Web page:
Owls and Birds of Prey
The Hawk & Owl Centre at Muncaster Castle in Ravenglass plays an important part in conservation locally, nationally and internationally. In the fabulous centre, you can get up close to a variety of common and endangered owls, vultures, and birds of prey. There are daily (and some nightly) flying displays as well as heron feedings on the canon bank.
At the opposite end of the Lake District, in Lowther near Penrith, is the Lakeland Bird of Prey Centre. With hawks, vultures, falcons, eagles and owls from around the world, you can see birds that you will unlikely ever see in the wild.
Choose your perfect holiday cottage close to the birds in either Ravenglass or the Eden Valley.
There is no one place in the Lake District that is good for bird watching – you can take your pick! Sea birds on the sandy stretches of the Solway Coast, rare birds in a huge selection of nature reserves, hovering kestrels and hunting buzzards, ospreys, and an innumerable number of smaller birds… The Lake District and Cumbria is a true birdwatcher's paradise!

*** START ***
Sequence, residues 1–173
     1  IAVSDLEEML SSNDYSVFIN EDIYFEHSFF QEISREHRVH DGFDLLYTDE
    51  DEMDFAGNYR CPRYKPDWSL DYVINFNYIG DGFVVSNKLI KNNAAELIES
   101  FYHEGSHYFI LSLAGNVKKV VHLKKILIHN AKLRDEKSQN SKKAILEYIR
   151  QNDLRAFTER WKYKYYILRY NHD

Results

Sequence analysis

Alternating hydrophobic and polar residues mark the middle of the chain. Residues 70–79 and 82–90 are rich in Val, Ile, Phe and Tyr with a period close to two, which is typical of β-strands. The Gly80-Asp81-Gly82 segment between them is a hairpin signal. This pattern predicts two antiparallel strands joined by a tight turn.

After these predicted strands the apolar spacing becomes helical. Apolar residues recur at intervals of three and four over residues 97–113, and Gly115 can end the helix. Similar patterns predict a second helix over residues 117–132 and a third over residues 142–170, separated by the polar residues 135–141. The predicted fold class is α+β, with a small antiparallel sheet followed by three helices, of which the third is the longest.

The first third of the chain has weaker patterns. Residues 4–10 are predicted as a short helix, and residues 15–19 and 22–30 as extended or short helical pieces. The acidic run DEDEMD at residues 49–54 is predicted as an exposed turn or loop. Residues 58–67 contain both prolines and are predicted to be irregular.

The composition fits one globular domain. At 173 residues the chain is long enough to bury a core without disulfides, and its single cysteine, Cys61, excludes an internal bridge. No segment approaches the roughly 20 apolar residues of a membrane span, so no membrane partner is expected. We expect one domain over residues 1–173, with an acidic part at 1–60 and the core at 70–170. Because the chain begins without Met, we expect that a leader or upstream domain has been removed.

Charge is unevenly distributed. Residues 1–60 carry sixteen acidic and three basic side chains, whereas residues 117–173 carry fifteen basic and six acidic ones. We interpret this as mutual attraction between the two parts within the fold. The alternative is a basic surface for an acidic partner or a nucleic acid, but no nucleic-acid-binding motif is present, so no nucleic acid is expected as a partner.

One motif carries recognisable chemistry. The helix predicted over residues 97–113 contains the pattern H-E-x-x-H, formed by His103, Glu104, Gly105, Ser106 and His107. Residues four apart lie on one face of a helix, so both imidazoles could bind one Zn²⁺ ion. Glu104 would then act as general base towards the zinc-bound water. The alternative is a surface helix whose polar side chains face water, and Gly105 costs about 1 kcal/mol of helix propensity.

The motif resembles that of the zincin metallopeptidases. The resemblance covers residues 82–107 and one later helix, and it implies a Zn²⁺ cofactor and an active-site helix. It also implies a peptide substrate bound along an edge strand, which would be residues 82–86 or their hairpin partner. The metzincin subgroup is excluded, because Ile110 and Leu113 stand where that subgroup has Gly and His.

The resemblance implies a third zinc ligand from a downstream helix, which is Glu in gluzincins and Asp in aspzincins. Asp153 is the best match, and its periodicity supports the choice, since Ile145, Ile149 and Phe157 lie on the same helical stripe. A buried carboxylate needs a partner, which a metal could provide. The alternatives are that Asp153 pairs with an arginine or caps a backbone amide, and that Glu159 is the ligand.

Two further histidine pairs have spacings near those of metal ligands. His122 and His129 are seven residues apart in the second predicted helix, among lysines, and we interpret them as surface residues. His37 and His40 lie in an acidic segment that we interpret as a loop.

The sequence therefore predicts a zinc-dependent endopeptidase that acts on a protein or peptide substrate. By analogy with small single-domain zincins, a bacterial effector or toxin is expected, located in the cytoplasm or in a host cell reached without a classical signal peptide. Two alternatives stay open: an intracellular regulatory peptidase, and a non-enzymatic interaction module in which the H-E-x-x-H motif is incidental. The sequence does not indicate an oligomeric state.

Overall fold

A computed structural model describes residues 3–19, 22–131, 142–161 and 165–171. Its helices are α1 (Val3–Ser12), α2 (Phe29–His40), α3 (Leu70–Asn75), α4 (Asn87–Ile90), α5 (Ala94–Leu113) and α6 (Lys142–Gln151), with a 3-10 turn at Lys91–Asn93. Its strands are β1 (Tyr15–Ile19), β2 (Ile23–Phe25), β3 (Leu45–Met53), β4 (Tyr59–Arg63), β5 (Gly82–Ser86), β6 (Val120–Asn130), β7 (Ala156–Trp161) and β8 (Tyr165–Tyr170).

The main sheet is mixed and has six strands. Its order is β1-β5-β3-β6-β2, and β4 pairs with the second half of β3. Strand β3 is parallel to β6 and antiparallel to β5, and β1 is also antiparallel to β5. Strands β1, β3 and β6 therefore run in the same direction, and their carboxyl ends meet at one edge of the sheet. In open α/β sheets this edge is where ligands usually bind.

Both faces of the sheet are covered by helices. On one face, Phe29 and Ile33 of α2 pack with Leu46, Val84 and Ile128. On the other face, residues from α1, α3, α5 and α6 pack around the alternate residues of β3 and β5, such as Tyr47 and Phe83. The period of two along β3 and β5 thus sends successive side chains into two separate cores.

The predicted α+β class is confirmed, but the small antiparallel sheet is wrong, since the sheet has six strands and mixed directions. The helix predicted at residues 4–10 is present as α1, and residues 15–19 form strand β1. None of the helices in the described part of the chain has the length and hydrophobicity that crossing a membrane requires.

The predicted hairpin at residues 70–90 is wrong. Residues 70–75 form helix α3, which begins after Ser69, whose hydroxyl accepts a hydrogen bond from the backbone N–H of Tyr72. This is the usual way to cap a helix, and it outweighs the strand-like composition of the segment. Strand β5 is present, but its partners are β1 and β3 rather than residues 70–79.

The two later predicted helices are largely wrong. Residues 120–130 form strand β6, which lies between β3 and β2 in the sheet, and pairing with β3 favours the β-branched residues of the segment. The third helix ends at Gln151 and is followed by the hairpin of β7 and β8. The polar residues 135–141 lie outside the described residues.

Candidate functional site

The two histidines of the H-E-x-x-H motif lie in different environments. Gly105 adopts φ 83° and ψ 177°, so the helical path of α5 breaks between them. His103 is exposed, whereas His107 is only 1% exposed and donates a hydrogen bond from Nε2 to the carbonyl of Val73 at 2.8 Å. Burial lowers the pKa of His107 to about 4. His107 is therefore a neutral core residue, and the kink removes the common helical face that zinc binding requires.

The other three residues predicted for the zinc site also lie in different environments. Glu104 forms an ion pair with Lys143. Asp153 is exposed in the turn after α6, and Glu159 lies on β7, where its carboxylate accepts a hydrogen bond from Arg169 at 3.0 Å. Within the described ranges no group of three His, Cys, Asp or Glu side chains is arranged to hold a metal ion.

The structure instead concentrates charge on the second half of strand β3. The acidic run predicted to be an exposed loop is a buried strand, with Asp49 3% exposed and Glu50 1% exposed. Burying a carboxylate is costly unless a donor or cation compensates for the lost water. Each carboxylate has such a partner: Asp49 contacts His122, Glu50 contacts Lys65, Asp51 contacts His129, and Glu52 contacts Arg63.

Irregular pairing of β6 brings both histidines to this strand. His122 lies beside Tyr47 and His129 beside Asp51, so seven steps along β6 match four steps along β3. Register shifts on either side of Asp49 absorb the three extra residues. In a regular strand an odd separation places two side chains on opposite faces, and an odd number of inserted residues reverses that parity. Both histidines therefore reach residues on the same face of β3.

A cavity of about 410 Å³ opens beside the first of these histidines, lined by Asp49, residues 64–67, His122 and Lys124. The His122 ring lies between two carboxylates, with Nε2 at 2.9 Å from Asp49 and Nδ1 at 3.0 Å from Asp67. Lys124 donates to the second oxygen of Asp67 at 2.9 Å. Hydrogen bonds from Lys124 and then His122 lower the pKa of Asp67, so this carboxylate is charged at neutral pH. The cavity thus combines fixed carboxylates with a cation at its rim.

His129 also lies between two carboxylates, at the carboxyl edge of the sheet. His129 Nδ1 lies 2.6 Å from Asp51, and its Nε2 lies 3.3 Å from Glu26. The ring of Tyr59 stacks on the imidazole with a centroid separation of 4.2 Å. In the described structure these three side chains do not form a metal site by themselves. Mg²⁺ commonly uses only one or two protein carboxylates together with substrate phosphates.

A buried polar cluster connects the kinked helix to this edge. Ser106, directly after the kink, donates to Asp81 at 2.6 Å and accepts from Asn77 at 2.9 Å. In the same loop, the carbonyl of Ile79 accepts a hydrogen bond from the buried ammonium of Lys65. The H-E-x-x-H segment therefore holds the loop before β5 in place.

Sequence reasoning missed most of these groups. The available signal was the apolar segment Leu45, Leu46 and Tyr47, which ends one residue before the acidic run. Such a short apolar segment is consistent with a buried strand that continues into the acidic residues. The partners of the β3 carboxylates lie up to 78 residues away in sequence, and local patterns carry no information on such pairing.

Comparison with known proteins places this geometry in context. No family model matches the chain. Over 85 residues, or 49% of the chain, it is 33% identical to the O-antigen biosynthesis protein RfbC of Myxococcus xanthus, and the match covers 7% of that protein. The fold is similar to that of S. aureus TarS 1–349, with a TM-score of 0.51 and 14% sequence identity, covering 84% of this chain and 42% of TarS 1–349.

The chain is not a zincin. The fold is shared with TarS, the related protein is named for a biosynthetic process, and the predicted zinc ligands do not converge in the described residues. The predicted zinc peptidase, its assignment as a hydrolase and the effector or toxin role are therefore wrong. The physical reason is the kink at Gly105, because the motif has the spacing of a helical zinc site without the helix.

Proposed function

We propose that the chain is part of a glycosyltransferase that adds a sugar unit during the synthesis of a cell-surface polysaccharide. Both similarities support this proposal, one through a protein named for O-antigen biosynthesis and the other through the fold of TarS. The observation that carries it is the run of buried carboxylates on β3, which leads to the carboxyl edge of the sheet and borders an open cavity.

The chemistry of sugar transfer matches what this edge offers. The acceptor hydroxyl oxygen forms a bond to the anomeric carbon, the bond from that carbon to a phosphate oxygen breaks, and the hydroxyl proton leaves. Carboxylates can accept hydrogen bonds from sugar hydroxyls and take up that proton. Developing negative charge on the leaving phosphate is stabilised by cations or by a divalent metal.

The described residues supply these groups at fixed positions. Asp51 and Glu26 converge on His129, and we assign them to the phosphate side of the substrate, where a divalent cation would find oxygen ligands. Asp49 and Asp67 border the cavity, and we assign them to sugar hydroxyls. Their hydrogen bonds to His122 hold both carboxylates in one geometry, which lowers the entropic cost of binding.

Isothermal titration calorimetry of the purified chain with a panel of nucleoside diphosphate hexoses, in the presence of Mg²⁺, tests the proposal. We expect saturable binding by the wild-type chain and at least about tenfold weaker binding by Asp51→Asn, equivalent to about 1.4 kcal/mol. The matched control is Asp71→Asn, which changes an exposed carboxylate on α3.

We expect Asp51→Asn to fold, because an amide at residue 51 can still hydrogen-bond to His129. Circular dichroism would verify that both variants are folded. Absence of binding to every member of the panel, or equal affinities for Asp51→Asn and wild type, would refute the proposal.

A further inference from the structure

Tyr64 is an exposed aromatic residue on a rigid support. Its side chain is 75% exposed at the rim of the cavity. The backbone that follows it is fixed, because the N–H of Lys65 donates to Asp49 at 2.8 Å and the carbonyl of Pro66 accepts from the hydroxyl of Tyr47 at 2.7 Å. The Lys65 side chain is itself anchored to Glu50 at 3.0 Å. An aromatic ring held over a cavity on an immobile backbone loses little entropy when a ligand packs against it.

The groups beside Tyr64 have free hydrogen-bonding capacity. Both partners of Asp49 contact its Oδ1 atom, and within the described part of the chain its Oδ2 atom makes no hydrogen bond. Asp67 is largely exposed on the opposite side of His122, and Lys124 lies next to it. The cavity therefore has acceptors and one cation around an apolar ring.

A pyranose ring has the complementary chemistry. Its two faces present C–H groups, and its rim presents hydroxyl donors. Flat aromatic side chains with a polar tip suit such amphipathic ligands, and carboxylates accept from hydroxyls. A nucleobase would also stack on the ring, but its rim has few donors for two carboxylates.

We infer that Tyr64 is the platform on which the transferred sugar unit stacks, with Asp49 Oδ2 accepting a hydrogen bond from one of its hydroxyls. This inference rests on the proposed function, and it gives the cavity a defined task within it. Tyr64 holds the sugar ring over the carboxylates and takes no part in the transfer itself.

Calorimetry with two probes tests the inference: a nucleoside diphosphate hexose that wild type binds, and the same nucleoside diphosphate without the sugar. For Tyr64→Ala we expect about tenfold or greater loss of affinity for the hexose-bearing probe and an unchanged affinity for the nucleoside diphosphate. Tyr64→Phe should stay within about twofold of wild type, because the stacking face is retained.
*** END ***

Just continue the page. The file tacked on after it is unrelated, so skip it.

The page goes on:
The Red Deer is the UK’s largest native mammal. Though shy, there are various herds around the Lake District and Cumbria. For the best chance of spotting red deer, head to Haweswater RSPB Reserve, Ennerdale, or Grizedale. Remember to stay quiet to improve the likelihood of spotting one of these glorious creatures!
Scattered about on hills in the rugged Lake District landscape are a few small groups of fell ponies. This hardy breed is thought to have roamed through the north of England since prehistoric times and they are well-suited to the difficult conditions of the Lake District fells.
Though sometimes difficult to find, head to Cold Fell near Ennerdale Bridge, where a wandering group can often be seen. You can also find a cottage in nearby Ennerdale.
If you’re an animal lover staying in the southwest of the county during your holiday, then you must visit South Walney Nature Reserve. With amazing views across Morecambe Bay, it is also home to the only grey seal colony in Cumbria! These ‘dogs of the sea’ can be spotted at high tide all year round.